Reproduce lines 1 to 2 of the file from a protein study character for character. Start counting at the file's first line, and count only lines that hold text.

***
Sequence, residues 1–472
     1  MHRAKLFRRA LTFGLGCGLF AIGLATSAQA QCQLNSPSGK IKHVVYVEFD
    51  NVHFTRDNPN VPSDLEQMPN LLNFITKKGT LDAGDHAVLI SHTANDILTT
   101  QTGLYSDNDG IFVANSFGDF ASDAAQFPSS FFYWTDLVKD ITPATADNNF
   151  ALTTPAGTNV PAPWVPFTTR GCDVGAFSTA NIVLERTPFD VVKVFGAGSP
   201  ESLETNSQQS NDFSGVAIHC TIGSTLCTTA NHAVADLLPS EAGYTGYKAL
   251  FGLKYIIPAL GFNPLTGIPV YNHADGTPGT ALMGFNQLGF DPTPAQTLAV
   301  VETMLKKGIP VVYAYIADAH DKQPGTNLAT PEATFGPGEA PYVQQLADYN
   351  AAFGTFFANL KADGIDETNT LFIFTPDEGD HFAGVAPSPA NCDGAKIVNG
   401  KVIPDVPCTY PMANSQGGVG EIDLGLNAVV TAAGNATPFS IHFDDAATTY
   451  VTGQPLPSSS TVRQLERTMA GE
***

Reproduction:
Sequence, residues 1–472
     1  MHRAKLFRRA LTFGLGCGLF AIGLATSAQA QCQLNSPSGK IKHVVYVEFD